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Charismatic Christianity as a Global Culture
Cloth ISBN 0-87249-996-0
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What the critics say:
"A fascinating look at a worldwide phenomenon that has been all too easy to compartmentalize or ignore. The shift from a North American to a global genealogy for charismatic religion is especially revealing ..."
David Stoll, from dust jacket.
" ... far-reaching innovative, interdisciplinary collection providing global treatment of a topic usually covered from a regional or country wide-perspective ..."
"...Karla Poewe...in an extremely important methodological and programmatic article urges a `rethinking [of] the relationship between anthropology to science and religion.' This chapter alone is worth the price of the volume. This volume is indeed a tour de force" ..."
"Karla Poewe concludes the volume with a chapter that is "must" reading for all social scientists interested in the study of religion...This collection...makes an important contribution to rethinking how religious reality is constructed..."
"If readers desire to consult genuinely authoritative work on Pentecostalism and charismatic movements generally, then they should read a new volume edited by Karla Poewe...Professor Poewe herself offers a rich and wide ranging introduction ..."
This book is about the history, spread, and characteristics of a growing global religion. It is about Pentecostal and charismatic Christianity because unlike its forerunners, British Puritanism and Methodism, German Pietism, American Holiness and Canadian Latter Rain, Pentecostalism and charismatic Christianity are still growing (Barrett 1982, Burgess et al 1988:810-830; Kelley 1977, Hollenweger 1988, Stoll 1990, Martin 1990, Finke and Stark 1992, Synan 1971, Riss 1987). Furthermore, they are still growing even though Pentecostalism became a mainline denomination some decades ago while charismatic Christianity has become denomination-like since the late 1970s ... Pentecostalism and the charismatic movement suffer from the academic biases which Finke and Stark (1992) discuss in their first Chapter.
In brief charismatic Christianity does not measure up to scholars' notions about intellectual progress, progressive refinement, religious ideas and political correctness.
The last mentioned is a particularly popular measuring rod used in South Africa and Latin America to dismiss and denigrate independent Pentecostal and charismatic activities, especially their keen sense for religious business and investment (Finke and Stark 1992:17, Martin 1990, Stoll 1990, de Soto 1989:4; Poloma 1989:215-231; Poewe 1993a) ...
I start this overview from an American perspective because students who are new to this subject matter will find it more familiar. Later comments and the chapters in the book, however, point precisely away from America. The aim is to begin the process of realizing a global perspective, so that we do not lose sight of the impact of the rest of the world on us (Wolf 1982, Wallerstein 1974, 1987; Featherstone 1990:2, 4) ...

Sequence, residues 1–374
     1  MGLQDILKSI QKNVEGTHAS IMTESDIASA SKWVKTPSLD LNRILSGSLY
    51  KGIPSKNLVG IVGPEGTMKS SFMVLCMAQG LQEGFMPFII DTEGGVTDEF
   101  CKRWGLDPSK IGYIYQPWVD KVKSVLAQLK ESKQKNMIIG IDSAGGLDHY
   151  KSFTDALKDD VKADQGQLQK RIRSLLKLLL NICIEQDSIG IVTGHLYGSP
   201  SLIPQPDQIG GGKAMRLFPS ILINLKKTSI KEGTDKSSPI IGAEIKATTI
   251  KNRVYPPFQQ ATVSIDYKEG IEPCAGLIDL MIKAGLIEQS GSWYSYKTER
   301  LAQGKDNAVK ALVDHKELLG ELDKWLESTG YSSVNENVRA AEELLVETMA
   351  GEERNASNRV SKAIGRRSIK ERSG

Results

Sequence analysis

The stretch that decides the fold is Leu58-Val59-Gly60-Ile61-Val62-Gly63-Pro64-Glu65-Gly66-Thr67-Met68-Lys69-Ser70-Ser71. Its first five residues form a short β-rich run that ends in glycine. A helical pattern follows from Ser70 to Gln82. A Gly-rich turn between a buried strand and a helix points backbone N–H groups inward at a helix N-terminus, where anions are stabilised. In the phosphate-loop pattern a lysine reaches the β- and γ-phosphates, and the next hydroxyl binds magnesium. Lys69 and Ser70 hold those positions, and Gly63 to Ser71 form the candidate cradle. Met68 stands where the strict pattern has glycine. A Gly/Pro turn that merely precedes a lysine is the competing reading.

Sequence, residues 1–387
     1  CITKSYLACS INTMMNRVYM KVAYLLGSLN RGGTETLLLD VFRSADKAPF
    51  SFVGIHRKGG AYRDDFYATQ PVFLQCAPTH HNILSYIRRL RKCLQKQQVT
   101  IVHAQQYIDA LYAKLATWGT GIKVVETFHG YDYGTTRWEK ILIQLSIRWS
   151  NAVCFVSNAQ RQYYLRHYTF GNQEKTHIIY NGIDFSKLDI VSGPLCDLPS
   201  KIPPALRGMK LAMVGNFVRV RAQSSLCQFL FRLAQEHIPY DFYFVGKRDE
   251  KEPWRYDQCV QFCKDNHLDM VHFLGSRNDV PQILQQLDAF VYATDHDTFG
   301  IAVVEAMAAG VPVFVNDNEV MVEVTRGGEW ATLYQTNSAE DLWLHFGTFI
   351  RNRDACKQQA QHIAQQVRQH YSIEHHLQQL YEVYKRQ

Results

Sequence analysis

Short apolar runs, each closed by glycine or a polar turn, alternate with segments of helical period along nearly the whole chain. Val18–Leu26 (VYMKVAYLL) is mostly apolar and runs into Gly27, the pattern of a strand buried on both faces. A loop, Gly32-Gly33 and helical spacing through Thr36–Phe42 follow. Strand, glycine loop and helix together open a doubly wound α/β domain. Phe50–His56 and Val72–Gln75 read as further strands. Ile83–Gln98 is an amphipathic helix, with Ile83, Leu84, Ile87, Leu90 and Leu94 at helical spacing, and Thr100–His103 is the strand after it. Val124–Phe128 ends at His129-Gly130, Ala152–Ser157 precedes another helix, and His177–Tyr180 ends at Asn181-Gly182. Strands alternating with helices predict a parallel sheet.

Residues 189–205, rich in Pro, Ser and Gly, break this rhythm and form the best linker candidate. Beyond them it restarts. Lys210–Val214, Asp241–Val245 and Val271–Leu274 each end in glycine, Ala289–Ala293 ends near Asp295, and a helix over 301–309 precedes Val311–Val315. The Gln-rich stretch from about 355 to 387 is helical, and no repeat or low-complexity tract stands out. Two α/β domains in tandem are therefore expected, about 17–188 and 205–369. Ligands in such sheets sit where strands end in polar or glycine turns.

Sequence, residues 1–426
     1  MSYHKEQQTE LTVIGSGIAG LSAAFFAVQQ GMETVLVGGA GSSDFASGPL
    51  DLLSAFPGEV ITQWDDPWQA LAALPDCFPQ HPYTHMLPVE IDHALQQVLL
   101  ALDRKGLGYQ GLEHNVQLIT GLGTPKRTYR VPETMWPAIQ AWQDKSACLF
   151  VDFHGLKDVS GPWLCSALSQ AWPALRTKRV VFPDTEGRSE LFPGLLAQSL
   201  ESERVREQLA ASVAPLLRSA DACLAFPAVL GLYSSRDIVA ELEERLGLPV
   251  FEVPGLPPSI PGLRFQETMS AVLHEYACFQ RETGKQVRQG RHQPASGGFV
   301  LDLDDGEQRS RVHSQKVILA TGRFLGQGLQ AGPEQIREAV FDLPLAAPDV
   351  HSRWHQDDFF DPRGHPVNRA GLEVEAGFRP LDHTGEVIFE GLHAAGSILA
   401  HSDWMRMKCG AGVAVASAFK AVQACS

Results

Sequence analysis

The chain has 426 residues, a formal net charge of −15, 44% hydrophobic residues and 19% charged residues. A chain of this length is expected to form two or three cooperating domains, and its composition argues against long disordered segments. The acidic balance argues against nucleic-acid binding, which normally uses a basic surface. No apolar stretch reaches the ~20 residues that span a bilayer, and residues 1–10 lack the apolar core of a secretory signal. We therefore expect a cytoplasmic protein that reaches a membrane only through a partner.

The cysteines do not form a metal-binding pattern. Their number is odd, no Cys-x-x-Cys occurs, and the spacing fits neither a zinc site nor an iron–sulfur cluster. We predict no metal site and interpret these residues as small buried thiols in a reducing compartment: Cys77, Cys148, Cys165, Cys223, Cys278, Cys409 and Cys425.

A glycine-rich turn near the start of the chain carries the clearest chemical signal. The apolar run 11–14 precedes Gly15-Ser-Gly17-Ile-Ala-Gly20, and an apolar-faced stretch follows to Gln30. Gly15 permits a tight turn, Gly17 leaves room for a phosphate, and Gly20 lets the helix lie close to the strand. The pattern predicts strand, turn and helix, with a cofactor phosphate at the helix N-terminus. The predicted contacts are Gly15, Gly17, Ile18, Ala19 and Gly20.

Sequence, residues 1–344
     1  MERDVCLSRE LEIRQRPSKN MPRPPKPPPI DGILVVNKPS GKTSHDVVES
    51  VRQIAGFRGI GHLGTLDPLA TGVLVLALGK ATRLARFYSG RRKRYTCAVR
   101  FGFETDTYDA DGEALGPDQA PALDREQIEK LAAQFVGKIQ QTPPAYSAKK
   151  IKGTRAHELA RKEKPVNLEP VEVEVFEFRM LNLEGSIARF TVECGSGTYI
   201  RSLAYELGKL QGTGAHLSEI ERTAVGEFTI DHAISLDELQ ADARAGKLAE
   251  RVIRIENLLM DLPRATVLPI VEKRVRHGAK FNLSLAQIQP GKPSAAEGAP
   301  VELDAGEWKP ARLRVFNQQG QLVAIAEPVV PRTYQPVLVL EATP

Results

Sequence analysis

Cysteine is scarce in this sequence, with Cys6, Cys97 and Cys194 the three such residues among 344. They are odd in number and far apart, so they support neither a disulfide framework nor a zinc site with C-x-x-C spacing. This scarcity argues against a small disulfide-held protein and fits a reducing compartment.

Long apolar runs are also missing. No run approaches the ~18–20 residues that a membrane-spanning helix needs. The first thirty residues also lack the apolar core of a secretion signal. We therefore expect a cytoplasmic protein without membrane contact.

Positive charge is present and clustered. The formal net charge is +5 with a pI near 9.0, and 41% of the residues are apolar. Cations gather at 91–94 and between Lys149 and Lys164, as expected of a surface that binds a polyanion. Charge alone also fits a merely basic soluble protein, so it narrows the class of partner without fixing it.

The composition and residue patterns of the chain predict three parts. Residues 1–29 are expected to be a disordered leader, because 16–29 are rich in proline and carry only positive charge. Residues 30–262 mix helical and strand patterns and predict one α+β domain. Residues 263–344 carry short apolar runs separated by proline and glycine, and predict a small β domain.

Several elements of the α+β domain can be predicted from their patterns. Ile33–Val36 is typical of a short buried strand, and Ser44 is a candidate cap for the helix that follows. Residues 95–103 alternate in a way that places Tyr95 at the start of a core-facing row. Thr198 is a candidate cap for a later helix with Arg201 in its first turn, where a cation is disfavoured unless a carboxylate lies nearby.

From the North American perspective, the immediate forerunners of the charismatic or renewal movement were the healing evangelists including Bill Branham (Weaver 1987), Kathryn Kuhlman (Kuhlman and Buckingham 1979), Oral Roberts (Harrell 1985), and many others (Harrell 1975). While many of these evangelists had Pentecostal backgrounds, they started independent ministries which were non- or adenominational. Independent ministries became especially popular in the late 1970s ...
If we now look at North America again, the significant role played by the media in the making of charismatic Christian history is astonishing. Furthermore, charismatic Christians learned only too quickly to use the media, which usually concentrated on the warts of the movement, to their own advantage. In the 1970s, following a major rise in assemblies and networks, the Wall Street Journal (May 19, 1978) ...
The 1970s is also the decade which was first flooded with popular and scholarly charismatic literature written by charismatic Christians themselves. Dissemination took place primarily through Logos International, Fleming H. Revell, the Catholic Paulist Press, and more recently Mercer University Press. Much of the literature was focussed on healing ...
Fellowship networks exist in any country. We observed several in South Africa, Germany, Britain and Canada. Since these structures are relatively loose and ever changing, I mention only one American fellowship here ...
Fellowships and Networks are impermanent structures. They are sometimes not much more than relationships based on friendships. Many new ones have probably emerged since this writing. In the language of our time, they say something about marketing new expressions of charismatic Christianity, diversifying religious firms, and circulating funds.
Given the wholistic orientation of charismatic Christianity, it is not surprising to learn that most fellowships have overseas connections.
P. Matteo Ricci (1552-1610), a Jesuit and eminent missionary scientist who established a scientific apostolate in China, on one hand, and August Hermann Francke (1663-1727), the German founder of the Pietist movement, on the other, established several traditions which, in different combinations, are part of the discourse and practice of charismatics to this day ...